Ford’s most fuel-efficient engine, the 1.6 TDCi, was designed, engineered and is built at Dagenham
Ford’s plant in Dagenham, east London, has today produced its 40 millionth engine since 1931. The plant, which ceased car production in 2002, is Ford’s worldwide centre for diesel engine production and satisfies more than 50 per cent of Ford’s global demand for diesel powerplants.
Engine number 40,000,000 is a 1.6 TDCi engine, but it is not currently known which model it will be destined for.
Dagenham currently produces the Tiger, Puma, Lynx and Lion families of engines and built 987,000 engines in 2011. Around 70 per cent of its total output are built for Ford vehicles. The balance is supplied to Jaguar Land Rover, Mazda, PSA Peugeot-Citroën and Volvo.
Combined with production of engines at Ford’s Bridgend plant, which produces Ecoboost petrol engines, UK-built engines power one in three Ford vehicles globally. The two plants produce two million engines a year, 85 per cent of which are exported.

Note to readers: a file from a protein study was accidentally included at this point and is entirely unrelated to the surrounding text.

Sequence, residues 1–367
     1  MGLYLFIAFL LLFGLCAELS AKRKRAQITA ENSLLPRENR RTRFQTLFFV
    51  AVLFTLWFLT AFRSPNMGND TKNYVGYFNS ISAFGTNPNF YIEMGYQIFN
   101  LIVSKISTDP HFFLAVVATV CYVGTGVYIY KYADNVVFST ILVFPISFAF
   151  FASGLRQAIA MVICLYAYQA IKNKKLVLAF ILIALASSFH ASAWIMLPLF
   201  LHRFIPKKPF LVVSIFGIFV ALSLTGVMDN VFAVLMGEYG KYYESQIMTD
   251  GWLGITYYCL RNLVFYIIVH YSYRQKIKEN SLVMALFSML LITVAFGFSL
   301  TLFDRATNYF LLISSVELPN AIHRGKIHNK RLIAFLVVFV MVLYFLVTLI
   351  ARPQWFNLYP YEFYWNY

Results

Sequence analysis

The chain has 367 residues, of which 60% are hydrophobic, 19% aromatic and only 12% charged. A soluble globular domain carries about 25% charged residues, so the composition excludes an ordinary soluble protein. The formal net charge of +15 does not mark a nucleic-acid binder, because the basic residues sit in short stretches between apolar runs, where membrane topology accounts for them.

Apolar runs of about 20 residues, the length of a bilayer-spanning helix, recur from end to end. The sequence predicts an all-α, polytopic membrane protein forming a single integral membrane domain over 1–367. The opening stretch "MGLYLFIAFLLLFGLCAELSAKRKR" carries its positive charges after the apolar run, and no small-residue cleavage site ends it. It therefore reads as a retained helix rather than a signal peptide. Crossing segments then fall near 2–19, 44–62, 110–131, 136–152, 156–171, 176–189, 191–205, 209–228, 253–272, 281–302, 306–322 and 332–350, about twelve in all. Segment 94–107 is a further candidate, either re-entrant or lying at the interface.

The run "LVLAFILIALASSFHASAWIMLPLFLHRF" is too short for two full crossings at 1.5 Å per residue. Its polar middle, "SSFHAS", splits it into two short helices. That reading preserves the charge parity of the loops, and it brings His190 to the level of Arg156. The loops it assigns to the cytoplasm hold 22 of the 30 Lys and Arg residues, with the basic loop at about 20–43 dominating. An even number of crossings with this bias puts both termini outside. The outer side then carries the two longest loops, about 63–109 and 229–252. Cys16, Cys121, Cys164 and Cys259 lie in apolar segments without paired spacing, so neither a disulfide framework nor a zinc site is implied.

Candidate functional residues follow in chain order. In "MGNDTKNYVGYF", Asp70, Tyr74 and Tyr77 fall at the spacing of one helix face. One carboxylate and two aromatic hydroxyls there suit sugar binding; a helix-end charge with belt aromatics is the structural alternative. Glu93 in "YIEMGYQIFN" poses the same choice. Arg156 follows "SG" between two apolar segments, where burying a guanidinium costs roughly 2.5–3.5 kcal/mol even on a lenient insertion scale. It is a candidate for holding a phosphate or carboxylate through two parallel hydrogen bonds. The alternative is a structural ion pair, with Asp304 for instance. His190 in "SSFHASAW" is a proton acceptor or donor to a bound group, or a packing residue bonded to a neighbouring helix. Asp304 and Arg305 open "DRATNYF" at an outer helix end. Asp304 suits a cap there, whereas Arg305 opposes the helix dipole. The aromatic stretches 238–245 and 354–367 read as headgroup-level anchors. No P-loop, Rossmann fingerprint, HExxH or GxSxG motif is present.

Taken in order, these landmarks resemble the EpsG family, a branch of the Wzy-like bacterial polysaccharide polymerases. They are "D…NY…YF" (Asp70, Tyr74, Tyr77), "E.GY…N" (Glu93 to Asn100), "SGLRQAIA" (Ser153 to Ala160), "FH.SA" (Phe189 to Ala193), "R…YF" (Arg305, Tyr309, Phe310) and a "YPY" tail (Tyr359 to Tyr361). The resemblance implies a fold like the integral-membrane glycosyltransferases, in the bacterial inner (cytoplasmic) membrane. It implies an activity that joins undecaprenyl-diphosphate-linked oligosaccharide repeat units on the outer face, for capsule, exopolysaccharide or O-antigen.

Ford’s Dagenham Diesel Centre, one of two engine plants on the east London site, was opened in 2003 as a result of a £325m investment. As a whole, Dagenham is London’s largest industrial employer.
Joe Greenwell, Ford Britain chairman, said: "Dagenham producing 40 million engines is a significant milestone for Ford’s biggest UK site. Ford Dagenham now produces Ford’s most fuel-efficient engine in the 1.6-litre TDCi unit and exports to 12 countries around the world as part of our global ‘One Ford’ strategy. This site is helping to power the UK's sustainable economic recovery."